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Chapter 17 Building up a successful business


In business you fail in some things and succeed in others. You are often failing and succeeding at the same time, -failing to make one part of your business successful and succeeding in making another part increase and pay. The failures are due to the ideas held; the successes, to the ideals. If you idealize the entire process of your business you will not only avoid failures and partial failures, but will think of possibilities never thought of before, the very ones that will lead you to succeed. To illustrate, I shall use a simple case, - one of the simplest that ever came to me, yet one of the most interesting, and one, the success of which, gave me as much joy as the success of many so-called big affairs. In this instance there was a woman in the case, and it's her story I shall tell.

The Woman: A widow with four children; she then lived in a suburb of Chicago; her husband had died three months before; she was left as proprietor of a small grocery and delicatessen store.

The Conditions: As the husband had been ill three months before his death, savings had been used in doctor bills, hospital bills and funeral expenses. Though the store was a little affair, it had had a good business in this section of the wealthy suburb so long as it had been the only store there. But, about the time of the husband's death, one of those large companies that establish branch stores all over a great city built a white-tiled, plate-glass, two-story building on the corner opposite her little shop. It cut down the business of the little store so much that the woman was unable even to make a living for herself and her children.

The Problem: I confess when she first told me the entire story that it seemed impossible for her to compete with the new store with all its service, its supplies, and its million-dollar parent company back of it.

The First Step: The first thought was: God is not only All Supply, but He is also All Process and Means; the second, Since God is All Process and Means, He knows and has all ideas necessary to make this store a success; and the third, Since God's ideas are ideal, we can get in touch with them as soon as we idealize our own.

How We Went About It: We idealized (1) those to whom she could sell, (2) the business itself, and

(3) the woman. Visualizing the people of the community was a simple matter. All were medium well-to-do; most families had two or more maids; they entertained often at their homes -dinner parties and evening affairs. But what could this woman sell to them which the other store could not supply?

Idealizing the Business: The woman told me the greatest profit was made in handling bakery goods. The big bakeries of the city delivered goods each morning and took back what was left unsold of the day before. In this line there was no waste, and no loss. Moreover, the profit on the amount invested was made daily. If the woman invested ten dollars in canned goods, it might be a month before all were sold; if she made a ten percent profit she made but ten percent on ten dollars in a month. But with bakery goods, if she invested ten dollars in the morning and sold the goods during the day at ten percent profit, she made ten percent on ten dollars in one day. Evidently in this case bakery goods was to be the leader; but how could this little woman make her bakery goods lead over the goods of the other store, when both of them could buy from the same bakeries; and the other store had more money than she, and hence could buy better and more extensive supplies than she could?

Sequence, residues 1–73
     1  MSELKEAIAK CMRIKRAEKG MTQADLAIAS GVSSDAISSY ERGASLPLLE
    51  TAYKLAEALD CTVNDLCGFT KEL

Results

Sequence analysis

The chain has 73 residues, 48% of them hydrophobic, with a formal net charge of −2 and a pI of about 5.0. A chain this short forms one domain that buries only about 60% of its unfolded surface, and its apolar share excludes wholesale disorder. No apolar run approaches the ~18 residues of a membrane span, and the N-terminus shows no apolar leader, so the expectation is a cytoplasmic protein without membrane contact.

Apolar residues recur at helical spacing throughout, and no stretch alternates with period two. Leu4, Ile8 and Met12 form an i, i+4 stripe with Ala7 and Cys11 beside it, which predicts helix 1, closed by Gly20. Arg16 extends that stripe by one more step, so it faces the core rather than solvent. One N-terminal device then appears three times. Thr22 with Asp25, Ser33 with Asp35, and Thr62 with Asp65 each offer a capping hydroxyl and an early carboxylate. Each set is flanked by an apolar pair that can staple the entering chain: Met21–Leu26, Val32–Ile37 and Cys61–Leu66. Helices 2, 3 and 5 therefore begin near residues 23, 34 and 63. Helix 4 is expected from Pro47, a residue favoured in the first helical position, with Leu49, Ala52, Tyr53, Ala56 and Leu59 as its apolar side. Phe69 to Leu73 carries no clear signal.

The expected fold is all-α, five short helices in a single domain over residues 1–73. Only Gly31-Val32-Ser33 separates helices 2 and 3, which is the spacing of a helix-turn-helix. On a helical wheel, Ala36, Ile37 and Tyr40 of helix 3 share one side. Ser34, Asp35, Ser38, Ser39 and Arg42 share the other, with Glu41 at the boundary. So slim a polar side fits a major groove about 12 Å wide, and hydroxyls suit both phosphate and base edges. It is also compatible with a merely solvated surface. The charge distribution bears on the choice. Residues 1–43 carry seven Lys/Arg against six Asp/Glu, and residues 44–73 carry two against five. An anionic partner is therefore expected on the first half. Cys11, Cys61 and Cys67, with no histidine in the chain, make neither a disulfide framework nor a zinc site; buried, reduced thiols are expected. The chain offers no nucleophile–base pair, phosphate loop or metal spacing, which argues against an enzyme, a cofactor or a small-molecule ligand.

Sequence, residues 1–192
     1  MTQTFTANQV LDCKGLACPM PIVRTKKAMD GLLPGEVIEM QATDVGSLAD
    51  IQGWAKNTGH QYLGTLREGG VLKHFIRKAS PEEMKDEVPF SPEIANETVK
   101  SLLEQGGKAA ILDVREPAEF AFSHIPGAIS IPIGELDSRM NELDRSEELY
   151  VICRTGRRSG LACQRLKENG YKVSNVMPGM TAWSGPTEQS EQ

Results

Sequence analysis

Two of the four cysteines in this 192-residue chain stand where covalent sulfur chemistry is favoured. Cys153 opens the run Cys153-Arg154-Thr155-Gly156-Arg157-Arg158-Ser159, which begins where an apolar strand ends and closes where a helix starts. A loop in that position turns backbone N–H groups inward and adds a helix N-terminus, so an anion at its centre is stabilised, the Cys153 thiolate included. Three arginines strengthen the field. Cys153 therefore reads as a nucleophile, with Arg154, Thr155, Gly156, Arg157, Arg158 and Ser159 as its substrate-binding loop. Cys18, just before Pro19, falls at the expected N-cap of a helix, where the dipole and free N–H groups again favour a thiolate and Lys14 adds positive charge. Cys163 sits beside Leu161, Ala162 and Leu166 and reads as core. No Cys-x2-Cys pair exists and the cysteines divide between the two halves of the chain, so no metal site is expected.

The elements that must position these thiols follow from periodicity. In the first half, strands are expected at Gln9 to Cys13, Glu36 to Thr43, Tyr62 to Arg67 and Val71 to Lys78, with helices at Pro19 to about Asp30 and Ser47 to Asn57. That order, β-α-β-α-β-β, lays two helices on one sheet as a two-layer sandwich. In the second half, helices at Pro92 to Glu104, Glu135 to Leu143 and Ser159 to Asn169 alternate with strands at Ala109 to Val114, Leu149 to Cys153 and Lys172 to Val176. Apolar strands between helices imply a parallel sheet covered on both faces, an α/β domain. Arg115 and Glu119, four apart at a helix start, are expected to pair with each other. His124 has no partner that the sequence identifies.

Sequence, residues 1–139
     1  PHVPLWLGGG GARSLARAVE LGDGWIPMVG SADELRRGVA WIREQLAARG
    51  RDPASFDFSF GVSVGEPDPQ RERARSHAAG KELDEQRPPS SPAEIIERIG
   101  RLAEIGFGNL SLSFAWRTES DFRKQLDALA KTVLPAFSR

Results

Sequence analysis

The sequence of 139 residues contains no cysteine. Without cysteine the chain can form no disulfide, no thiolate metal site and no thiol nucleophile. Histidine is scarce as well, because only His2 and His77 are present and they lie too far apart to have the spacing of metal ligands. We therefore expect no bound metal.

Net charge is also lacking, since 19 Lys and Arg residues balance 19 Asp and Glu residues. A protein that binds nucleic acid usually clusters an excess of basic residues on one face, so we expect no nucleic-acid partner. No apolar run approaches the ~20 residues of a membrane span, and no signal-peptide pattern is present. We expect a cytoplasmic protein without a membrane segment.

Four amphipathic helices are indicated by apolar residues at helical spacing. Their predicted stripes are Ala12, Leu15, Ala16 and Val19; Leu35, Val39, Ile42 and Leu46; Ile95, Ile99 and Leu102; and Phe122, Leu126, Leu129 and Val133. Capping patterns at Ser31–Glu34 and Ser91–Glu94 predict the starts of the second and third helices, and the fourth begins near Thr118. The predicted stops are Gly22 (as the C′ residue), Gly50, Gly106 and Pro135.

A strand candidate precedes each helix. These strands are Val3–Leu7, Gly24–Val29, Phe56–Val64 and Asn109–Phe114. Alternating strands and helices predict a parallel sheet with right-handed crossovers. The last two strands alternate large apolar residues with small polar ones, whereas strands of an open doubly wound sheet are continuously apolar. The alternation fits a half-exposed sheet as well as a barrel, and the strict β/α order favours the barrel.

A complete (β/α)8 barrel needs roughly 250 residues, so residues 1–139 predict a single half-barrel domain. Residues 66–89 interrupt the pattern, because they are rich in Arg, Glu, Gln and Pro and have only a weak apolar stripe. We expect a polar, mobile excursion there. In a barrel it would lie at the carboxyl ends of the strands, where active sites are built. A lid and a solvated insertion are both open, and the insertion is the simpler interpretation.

Idealizing the Woman: All the time she talked, I had a feeling of conflicting ideas in my mind about her. These remained indefinite until it flashed upon me that, although her name was Mrs. Hansen (Scandinavian), she spoke with a Scotch accent.

The New Thought: Scotch -Scotland -Scotch tarts -those delicious uncovered fruit pies -two-and-a-half and three inches deep -and as big as a dinner plate -Scotch tarts, which only Scotch and English women know how to make. "Are you Scotch?" I asked. " Yes," she replied, evidently surprised. "Can you make Scotch tarts?” "Yes; at least I used to." "Then go down in my kitchen and make one; order anything you think necessary, but make the best one you know how to make." That night I tasted a tart equal to any I had ever eaten; and the next morning she started the pie industry. I sent a note out to a few acquaintances, telling them the old pagan gods on Mount Olympus would still be contentedly happy, even if nectar were taken from them, providing they could get real Scotch tarts; also that I had found a Scotch woman who could make just such tarts, and that these delicious desserts could be secured in Chicago; and I also added that they'd be wise to send their maids early in the morning with an order to Mrs. Hansen.

The Success: The first day she made a dozen pies and sold every one of them. At a good price, too -for these were no dollar pies -these pies were pies -apple tart three inches deep -with gooseberry sauce -to be served with whipped cream -they were worth much as pies, but much more as distinctive desserts not procurable elsewhere. Of course the pie business grew and grew. Moreover, as families bought their tarts from Mrs. Hansen, their maids also ordered other things at the same time. The idealized leader became the actual leader of group after group of other goods sold from the shelves of her store.

Idealizing the Process -God working in every step -led us to get the New Idea -the new thought of making Scotch tarts. Common sense? Yes. Only common sense? No. It was idealized Common Sense. God is all Process, and His Ideas are your ideas -unlimited -as soon as you Idealize your own thought processes so as to be in touch with His.


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